Eating Disorder Warning Signs

by | Eating Disorder Recovery

Big shout out to Komal Shah who helped to write this blog!! She was a dietetic intern for us for a few weeks

Believe it or not. It’s summertime. This summer is going to feel a little different than any other summer we’ve had, due to a thing called coronavirus (heard of it?), hopefully we’ll be able to find some time to enjoy the nice weather. Perhaps we can have BBQs with a small group of friends or sit outside to read or hang by a pool.

As your loved ones visit or are home for the summer, this might be a time to look out for eating disorder red flags. It’s possible you might have started to see some of these warning signs with your family staying at home. If so, consider making an appointment with an eating disorder dietitian and/or therapist.

So, we wanted to write a blog about eating disorder warning signs for family and loved ones to keep in mind. Eating disorders can be subtle and sneaky. Just a reminder that these are red flags regardless of the weight, shape or size of your body! And regardless of ethnicity, age, race, gender, and socioeconomic status. Eating disorders do not discriminate.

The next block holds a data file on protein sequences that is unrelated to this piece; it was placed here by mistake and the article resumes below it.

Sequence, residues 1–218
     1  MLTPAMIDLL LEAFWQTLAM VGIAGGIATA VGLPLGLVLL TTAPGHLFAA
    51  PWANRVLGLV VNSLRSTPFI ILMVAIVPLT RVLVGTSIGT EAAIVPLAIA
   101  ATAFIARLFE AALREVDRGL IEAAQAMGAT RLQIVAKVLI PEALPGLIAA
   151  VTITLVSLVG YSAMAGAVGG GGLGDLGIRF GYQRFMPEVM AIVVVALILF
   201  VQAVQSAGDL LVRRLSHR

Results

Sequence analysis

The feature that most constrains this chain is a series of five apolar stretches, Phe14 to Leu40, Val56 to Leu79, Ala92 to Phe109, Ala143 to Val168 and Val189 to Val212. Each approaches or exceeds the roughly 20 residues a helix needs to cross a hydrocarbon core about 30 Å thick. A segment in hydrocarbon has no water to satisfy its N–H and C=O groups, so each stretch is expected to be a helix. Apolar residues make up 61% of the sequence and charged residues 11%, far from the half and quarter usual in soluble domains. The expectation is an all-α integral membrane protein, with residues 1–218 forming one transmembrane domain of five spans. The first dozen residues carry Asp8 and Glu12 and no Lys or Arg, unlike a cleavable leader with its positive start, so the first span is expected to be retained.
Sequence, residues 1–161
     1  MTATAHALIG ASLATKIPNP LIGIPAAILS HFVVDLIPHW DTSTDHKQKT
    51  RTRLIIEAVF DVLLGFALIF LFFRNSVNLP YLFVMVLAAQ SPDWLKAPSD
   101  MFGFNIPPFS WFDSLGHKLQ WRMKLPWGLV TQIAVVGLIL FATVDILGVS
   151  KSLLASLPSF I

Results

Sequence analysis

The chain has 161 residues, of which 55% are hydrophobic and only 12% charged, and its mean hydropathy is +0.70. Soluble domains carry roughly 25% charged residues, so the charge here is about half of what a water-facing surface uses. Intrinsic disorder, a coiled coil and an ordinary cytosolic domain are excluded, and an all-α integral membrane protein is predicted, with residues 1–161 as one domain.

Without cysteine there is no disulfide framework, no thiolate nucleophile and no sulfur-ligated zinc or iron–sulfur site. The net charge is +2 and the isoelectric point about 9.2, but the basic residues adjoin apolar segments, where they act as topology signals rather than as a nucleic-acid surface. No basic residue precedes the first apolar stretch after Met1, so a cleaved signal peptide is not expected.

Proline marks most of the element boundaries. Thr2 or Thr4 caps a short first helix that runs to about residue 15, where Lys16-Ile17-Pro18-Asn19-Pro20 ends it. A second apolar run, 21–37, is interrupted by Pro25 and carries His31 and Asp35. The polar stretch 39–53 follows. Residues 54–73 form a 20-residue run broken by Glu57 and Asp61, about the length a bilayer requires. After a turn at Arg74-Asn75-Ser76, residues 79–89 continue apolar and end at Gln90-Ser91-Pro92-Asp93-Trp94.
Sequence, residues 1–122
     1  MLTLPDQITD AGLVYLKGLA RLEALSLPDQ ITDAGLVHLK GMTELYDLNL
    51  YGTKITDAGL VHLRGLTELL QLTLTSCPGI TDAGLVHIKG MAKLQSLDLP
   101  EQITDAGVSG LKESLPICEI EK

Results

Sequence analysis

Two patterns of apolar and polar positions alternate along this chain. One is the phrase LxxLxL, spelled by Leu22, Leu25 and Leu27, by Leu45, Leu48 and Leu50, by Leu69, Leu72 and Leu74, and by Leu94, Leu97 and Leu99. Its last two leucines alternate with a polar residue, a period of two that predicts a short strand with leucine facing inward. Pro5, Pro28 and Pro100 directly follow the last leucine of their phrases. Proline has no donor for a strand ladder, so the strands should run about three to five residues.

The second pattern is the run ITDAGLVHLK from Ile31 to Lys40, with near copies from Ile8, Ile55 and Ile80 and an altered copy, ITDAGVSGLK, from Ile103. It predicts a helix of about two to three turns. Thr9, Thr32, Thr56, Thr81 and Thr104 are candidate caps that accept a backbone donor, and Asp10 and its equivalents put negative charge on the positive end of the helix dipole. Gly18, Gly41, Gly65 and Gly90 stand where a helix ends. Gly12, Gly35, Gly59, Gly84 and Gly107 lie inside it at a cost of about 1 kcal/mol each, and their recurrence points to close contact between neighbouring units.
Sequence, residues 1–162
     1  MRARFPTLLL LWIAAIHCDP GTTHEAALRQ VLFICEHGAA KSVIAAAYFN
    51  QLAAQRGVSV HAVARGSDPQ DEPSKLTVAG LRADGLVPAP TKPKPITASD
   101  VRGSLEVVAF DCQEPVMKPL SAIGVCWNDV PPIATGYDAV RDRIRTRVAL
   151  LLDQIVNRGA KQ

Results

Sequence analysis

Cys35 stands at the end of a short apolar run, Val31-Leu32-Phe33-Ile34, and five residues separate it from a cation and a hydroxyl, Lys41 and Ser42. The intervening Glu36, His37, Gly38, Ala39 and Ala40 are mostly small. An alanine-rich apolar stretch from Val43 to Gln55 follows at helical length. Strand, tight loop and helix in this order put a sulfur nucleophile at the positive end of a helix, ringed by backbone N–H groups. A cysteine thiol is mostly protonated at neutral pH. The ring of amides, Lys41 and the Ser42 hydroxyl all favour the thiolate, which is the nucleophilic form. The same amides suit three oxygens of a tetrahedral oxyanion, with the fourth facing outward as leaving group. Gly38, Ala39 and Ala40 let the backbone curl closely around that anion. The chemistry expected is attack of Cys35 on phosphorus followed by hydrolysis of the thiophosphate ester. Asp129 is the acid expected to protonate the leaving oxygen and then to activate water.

Here are some “red flags” to look out for.


  1. Cutting out foods or food groups. 
    Is your loved one cutting out foods they used to love? Or eliminating food groups? Or no longer eating snacks or desserts? Oftentimes, if someone is struggling with their relationship with food, they may avoid foods their ED defines as “bad.” Looking out for changes in eating habits might indicate your loved one needing more support. This can be so, so tough because our culture views certain changes in diet as “healthy.” However, little changes can quickly become black and white thinking, which contributes to a good food/bad food mentality, this mentality could be an eating disorder warning sign. The more rules we have about food the further away we get from intuitive eating.
  2. Increased talk about food/nutrition/weight.